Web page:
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December 09, 2006

Ken's Magnificent Seven for 2006 - Unified Communications
An article well-worth reading from Ken Camp. I would definitely agree that Iotum is one of the more interesting innovators when it comes to influencing the way people think about presence. I would also agree that within the large enterprise space, Microsoft has not been all that innovative when it comes to presence and presence-enablement (yet it retains the most market influence - an ironic situation). Moving the conversation beyond SIP/SIMPLE would be a start (e.g., federate with XMPP-based systems, support a plug-in model where other types of activity watchers could signal presence-related data, etc.). IBM is a further along here and I believe the plug-in model in Sametime 7.5 will enable some interesting creative applications. Cisco is surprisingly missing in action when I talk to enterprise organizations focused on collaboration and presence/presence-enablement. Cisco clearly has the assets and is in a position to do some very innovative things (but, needs focus and execution). The intellect behind Jabber also is a force in getting people to think more deeply around presence. Antepo is a small firm but has also done some early wayfaring in the area of presence. The challenge is to not only be innovative but to trigger some type of cause-effect in the market that shifts the rather predictable course we seem to be on...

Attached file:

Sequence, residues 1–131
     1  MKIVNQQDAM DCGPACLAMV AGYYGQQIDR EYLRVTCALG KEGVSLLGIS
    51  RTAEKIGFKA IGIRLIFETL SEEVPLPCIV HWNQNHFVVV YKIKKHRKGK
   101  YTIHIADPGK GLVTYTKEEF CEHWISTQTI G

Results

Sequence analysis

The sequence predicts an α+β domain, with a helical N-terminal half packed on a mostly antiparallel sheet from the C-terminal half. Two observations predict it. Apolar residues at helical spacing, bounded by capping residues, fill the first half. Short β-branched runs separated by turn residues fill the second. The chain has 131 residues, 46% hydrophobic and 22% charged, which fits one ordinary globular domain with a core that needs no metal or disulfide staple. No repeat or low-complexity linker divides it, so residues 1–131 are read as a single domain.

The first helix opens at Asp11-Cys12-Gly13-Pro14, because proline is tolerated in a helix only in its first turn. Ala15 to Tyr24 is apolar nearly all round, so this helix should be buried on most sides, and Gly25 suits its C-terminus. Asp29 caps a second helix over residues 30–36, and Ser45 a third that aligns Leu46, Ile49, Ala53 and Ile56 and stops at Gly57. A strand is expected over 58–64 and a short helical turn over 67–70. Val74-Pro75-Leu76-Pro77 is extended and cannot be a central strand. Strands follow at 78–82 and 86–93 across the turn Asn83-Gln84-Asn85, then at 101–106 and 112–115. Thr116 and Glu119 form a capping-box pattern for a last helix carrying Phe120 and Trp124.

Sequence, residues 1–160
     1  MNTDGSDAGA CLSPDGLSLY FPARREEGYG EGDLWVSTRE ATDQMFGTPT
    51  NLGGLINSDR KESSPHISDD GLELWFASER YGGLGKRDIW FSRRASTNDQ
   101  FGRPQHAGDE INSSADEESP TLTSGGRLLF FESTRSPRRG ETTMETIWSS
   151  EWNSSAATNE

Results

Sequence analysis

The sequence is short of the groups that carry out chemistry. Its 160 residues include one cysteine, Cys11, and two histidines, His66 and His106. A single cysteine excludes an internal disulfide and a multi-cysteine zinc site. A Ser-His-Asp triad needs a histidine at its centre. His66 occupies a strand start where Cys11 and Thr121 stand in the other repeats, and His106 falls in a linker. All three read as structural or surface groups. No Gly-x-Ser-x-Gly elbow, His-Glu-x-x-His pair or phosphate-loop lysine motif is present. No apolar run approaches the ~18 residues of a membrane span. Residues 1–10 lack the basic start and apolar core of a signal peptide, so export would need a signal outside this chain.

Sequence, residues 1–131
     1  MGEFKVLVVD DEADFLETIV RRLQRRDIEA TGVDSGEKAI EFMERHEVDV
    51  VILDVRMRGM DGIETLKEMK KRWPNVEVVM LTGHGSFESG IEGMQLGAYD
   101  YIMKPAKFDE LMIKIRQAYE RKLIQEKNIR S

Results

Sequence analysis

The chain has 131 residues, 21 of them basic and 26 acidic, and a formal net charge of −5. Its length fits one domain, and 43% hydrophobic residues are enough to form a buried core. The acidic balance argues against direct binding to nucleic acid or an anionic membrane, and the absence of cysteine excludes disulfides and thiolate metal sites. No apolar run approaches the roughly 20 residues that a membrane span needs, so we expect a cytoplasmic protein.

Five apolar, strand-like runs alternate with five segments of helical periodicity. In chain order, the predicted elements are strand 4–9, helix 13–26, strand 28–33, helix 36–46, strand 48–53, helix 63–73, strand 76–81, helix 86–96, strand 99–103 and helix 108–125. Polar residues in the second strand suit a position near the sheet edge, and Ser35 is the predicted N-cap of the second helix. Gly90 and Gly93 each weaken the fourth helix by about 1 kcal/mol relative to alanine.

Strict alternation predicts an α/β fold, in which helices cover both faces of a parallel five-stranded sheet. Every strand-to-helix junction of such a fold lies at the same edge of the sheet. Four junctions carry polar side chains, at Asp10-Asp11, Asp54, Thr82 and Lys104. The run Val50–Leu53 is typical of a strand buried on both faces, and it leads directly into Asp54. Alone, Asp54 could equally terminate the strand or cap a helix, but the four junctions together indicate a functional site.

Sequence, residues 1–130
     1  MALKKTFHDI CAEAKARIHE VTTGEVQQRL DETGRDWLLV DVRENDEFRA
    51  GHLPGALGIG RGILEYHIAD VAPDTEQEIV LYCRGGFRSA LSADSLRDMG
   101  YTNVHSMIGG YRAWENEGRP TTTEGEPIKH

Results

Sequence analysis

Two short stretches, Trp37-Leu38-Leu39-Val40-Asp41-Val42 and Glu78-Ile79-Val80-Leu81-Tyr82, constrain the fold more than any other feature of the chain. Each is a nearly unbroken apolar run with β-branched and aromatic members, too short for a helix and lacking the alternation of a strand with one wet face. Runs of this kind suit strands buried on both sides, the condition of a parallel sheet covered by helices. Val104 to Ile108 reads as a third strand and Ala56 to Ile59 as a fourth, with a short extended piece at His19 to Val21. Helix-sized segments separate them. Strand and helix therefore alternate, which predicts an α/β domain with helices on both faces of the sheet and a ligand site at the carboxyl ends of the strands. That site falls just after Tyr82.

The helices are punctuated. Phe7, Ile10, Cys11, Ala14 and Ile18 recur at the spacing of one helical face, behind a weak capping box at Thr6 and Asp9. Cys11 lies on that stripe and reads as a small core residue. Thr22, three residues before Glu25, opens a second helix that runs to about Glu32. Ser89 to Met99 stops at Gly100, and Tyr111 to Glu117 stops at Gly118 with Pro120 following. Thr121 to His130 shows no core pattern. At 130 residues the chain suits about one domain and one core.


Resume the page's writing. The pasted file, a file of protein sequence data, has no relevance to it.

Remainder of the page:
Presence, Relevance and Context
Presence online started with the basics of IM and the buddy list. It has evolved to become so much more. Buddy lists are no long just binary online/offline indicators, yet they still have far to go. Presence management is an industry hot topic with many companies playing in to different pieces. Microsoft certainly wants to play (dominate) with the Live Communications Server, but the real innovation isn't taking place in Redmond.
Relevance is a word brought to our attention by iotum with their fabulous Relevance Engine. Relevance is all our status and availability. If I'm in a meeting, I can't take calls. If you're a telemarketer, you're spam and I don't want to talk to you. If you're family, I may want to be interrupted no matter what.
Context could be tied to relevance, but it's also something more. Twitter is the best example of the mashup relevance and context I can think of. It allows users to instantly update their status to friends, family and colleagues via SMS, the web, or chat clients. Instant social networking perhaps, but I've also explored using the Twitter concept for disaster recover and incident response teams.
The hot companies to watch? Today I'd say they're iotum, GrandCentral, Talkster and Twitter. Those are the ones I watch the closest. There are a lot of me-toos in the space, but these are the ones I see leading the way.
For the future, the big issue I see is how our personal information about presence, relevance and context must become part of our digital online identity. Identity management has been a very hot, and to me stalled and boring, topic for quite some time. The carriers, wireline and wireless alike, want to "own" our presence information. I think that's a problem. I own the information about me and I'll decide who can or cannot see it. I think in 2007 the industry will grapple with this. The key, as with digitial identity, lies in giving control to users, not to vendors and service providers.

Source: Ken's Magnificent Seven for 2006 - Unified Communications